Revive Us Again

I look back up from the Bible, and the other chair is occupied again.  The occupant is a normal-sized man with thinning hair, whom I immediately recognize.  He is wearing a golf shirt, slacks, and shoes that all scream “NINETEEN SEVENTIES!’  He was a prominent member of Bible Guy’s church in those years.

I realize that I have just drawn in my breath sharply, as one might do in fear as opposed to surprise.  “Please tell me that you are a drone.”

He smiles in a way that stings with disconcertingly warm memories.  “Of course I am a drone.  Please don’t be alarmed.”  The voice is wrong.  Different, I mean; not what I expect.

I decide to be completely direct.  “With whose voice are you speaking?”

The smile has been replaced by serious attentiveness, or what I’m beginning to think of as the default drone face.  “Kathy Bates.”

“You certainly aren’t something that I would requisition.  What is the character of your dilation?”

“I’m only going to remind you of something that happened to you.  I look like this in order to evoke the entire Gestalt.  I could have looked like this instead…”  He flickers for an instant and becomes a vague image of an older man dressed in black, with much thinner, white hair.  The image remains only about three seconds, and he changes back.  “…but perhaps that would have been worse?”

I don’t remember the older man as clearly, but I know who he was.  He was the preacher who was visiting that day.  He was the man who prayed with me that I be baptized by the Holy Spirit.  “So I’m supposed to remember that service, where I cried so freely.  Where I felt so…”  What had I felt?  “…included.”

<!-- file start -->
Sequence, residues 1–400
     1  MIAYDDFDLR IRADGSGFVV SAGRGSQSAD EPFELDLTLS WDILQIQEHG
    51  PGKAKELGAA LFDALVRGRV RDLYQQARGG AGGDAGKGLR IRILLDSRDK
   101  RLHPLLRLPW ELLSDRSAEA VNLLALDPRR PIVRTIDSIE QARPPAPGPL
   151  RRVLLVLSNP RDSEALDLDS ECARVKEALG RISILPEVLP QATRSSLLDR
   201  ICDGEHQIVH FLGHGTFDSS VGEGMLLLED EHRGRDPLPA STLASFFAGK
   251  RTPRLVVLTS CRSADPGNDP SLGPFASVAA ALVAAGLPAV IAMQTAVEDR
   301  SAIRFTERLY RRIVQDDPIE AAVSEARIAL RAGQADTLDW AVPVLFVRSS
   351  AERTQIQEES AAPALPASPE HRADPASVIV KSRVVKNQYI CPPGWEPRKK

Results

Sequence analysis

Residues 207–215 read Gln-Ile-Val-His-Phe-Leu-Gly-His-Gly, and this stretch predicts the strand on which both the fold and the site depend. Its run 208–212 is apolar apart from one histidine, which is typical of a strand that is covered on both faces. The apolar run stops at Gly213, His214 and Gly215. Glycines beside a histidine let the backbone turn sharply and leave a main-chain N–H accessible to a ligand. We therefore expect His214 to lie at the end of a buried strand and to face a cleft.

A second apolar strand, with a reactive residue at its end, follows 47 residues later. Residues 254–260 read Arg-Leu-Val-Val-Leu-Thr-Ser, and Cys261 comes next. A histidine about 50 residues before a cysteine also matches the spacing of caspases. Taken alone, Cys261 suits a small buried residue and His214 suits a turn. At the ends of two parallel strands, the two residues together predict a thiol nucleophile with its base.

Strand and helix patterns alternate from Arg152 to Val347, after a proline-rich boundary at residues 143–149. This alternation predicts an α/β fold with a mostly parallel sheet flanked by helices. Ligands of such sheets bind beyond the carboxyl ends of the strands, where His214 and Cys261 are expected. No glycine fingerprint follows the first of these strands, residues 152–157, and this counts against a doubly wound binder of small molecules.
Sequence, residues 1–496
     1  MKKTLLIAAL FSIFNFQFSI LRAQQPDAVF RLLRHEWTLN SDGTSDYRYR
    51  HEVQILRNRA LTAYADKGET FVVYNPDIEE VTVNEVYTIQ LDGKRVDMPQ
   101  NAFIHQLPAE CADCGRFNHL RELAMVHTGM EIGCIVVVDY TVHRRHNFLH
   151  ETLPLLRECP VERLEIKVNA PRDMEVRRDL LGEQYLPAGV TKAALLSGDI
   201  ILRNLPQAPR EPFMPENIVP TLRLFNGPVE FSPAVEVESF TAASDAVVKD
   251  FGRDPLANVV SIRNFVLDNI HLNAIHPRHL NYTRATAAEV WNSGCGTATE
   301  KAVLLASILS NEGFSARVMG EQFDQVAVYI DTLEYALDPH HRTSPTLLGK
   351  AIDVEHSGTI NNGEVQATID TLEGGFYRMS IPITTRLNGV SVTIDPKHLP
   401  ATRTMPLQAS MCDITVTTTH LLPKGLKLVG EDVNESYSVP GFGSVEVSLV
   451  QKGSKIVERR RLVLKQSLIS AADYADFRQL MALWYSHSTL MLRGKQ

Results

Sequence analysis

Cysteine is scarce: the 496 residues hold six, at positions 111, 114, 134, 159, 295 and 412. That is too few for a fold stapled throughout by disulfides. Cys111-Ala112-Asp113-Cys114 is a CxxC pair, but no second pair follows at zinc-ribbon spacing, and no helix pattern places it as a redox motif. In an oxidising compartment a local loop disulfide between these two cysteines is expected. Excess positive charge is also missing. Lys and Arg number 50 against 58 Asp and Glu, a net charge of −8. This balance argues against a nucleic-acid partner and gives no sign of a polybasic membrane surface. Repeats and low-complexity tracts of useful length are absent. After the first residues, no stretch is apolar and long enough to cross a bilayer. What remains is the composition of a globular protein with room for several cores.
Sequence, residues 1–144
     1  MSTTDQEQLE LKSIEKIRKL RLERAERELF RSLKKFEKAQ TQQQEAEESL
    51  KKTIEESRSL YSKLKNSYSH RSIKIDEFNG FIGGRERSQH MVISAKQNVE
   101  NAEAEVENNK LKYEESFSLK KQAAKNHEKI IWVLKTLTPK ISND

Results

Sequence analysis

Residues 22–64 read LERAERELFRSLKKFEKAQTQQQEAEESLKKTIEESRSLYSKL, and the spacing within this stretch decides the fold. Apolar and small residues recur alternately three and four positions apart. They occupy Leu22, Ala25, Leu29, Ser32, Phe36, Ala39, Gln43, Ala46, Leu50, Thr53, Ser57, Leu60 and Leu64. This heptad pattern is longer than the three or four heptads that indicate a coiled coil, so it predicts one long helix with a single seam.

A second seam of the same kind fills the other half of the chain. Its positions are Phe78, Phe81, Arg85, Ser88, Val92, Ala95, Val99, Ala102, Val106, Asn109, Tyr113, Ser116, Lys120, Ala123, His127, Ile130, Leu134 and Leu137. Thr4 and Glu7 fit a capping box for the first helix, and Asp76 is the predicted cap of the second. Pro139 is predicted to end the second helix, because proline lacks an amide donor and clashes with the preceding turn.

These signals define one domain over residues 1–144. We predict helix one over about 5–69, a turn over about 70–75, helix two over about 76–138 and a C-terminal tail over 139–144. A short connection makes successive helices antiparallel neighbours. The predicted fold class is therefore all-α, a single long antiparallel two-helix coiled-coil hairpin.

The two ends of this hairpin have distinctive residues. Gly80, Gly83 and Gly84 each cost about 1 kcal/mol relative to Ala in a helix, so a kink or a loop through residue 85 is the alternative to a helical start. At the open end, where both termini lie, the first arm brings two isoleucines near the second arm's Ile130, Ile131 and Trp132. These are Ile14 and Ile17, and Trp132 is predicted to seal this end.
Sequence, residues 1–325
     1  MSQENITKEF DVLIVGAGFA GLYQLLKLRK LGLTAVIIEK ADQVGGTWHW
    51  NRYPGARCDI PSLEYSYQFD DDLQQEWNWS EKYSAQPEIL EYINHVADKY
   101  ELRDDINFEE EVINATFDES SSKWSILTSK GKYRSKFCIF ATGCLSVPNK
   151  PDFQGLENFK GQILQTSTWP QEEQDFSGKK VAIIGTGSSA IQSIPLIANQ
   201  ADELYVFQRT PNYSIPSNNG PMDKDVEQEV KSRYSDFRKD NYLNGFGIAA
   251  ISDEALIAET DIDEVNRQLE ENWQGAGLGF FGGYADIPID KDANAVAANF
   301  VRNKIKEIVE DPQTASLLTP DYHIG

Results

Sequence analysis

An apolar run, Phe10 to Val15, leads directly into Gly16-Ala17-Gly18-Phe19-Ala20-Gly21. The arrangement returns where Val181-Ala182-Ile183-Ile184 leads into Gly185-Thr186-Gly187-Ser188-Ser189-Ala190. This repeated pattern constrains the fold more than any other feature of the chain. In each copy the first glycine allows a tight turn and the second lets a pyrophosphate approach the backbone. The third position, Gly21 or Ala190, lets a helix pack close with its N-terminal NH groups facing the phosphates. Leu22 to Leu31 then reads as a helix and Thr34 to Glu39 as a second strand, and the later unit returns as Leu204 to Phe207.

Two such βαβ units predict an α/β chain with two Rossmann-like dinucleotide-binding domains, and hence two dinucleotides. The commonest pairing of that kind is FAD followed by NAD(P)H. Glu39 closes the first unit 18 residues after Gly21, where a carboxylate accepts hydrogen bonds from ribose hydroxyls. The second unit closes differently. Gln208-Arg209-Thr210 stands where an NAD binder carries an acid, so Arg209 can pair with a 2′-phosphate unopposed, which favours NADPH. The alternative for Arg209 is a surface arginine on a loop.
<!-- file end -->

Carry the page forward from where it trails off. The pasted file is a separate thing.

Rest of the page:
“That’s correct.”  The drone shifts his weight and puts his hands together in a very let-me-tell-you-a-story sort of way.  “It was in that incomplete but functional church building that might have been originally intended as a topless bar.  That’s what you had heard about it, anyway.  It was evening.  A weeknight.  Part of a series of ‘revival’ services.  You had received your second water baptism several months before, perhaps a year before.  There were probably about twenty to twenty five people in attendance.”

“I believed that I was being baptized in the Spirit.”

“Will you now claim otherwise?”

Long pause.  “I don’t know.”

The drone nods.  “So much of what we have become wishes to deny it, but you know that what happened there was important, and will remain important no matter what.  It will remain important even if you no longer carry the Bible; even if you die.”

I take a deep breath, and let it out slowly through my nostrils.

“Give voice to what you hate now about that group of people who surrounded you that evening.”

I know it’s an overt (un-subtlety-fied?) theme now, but I have to close my eyes in order to let go.  “Simple.  Judgmental.  Narrow.  Anti-intellectual.  Homophobic.”  I open my eyes again.  “NOT…  Christian.”

“But you know that this litany you have just said leans upon other times, and not upon that evening.”

“Yes.  That evening refuses to darken.”  I reflect a bit before going on.  “It is stubbornly wide, warm, welcoming.”

“It was only later that you were expected to speak in tongues as a sign.”

I nod.  “That preacher, and my pastor, were both suspicious of tongues and other visible signs.  That preacher did not expect specific signs, though he was open to them.  He did not demand that the Spirit manifest itself in me according to a prescribed formula.”

“But you cried.”

“I sobbed uncontrollably, so much so that I remember the preacher saying it out loud.  ‘Such emotion!’ he shouted.  I was unsure if he was worried, or just delighted.  I hugged everyone.  All of them hugged me.  They hugged me like a treasured brother.”